We all, like Mary, Start in the Dark (John 20:2)

John 20:2  

Mary, still literally in the dark, sees the stone taken away from the tomb where her beloved friend was laid. Given the low sunlight – the sun had probably just cracked the horizon – she probably could not see into his cave-like tomb. She assumes, “They have taken the Lord out of the tomb…” (John 20:1)  

Mary’s assumption was reasonable enough. Imagine you were at a cemetery walking up to the grave of your loved one. You see a pile of dirt next to a hole where you know your loved one was laid to rest, but you have not yet moved close enough to peer in. What might you assume? You might assume someone took the body. Mary did. She did not know better.  

The darkness, in John’s Gospel, signifies something more than the early hour. We all, like Mary, start in the dark. We all, like Mary, start with assumptions about who this Jesus really is. In John’s gospel, people have been making all sorts of assumptions about Jesus. Some called him “the Prophet (John 6:14).” Others called him the Christ without yet knowing what that title meant (for example, John 7:31). Still others said he had a demon or was insane (John 10:20).  

Even today, people will fill the empty tomb with all sorts of meaning. An article titled, “Our Many Jesus,” appeared in the Wall Street Journal just before last Easter. Underneath the title were the words, “At a time of shrinking church membership, Jesus remains a uniquely powerful and popular figure in American culture. The great divide is over what he stands for.” The remainder of the article basically described how different people have tried to champion Jesus to their cause. Toward the end of the article the well-known sociologist Christian Smith observed that all these rival versions of Jesus have one thing in common. They all result from the subjectivistic, relativistic, pluralistic culture of our time. People simply choose whichever version of Jesus appeals to them.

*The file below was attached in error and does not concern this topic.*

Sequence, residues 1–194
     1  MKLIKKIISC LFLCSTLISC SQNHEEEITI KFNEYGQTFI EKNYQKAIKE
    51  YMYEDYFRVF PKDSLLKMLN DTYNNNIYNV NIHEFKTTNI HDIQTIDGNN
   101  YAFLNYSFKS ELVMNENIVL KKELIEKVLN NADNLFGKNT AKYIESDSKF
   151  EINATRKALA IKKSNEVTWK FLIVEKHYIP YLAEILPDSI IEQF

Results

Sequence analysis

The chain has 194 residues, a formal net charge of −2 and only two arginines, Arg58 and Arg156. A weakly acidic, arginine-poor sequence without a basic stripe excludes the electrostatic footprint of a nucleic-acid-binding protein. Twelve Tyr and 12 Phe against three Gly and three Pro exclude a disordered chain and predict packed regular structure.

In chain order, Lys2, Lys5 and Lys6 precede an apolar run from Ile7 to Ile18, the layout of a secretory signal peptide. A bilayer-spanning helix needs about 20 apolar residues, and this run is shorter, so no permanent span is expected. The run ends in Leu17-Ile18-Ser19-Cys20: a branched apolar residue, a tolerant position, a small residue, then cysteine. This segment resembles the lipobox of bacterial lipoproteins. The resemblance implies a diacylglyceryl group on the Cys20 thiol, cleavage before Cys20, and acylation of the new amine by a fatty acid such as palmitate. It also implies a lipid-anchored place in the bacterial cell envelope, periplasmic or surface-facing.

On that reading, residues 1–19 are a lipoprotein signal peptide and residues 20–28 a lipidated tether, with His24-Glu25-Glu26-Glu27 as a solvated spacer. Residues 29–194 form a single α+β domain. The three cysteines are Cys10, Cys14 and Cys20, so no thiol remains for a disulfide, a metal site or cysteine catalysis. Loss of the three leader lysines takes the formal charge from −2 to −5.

Back then too people who were encountering Jesus for the first time tried to neatly fit him into their category, but their categories simply could not hold him.  

We, all, like Mary, must first come to the tomb, in the dark. If we have an emerging faith, like Mary certainly did, we will not stay there but move further in. We need to learn to take him as he has revealed himself in his Word, seeking him not as we want him but as he truly is.

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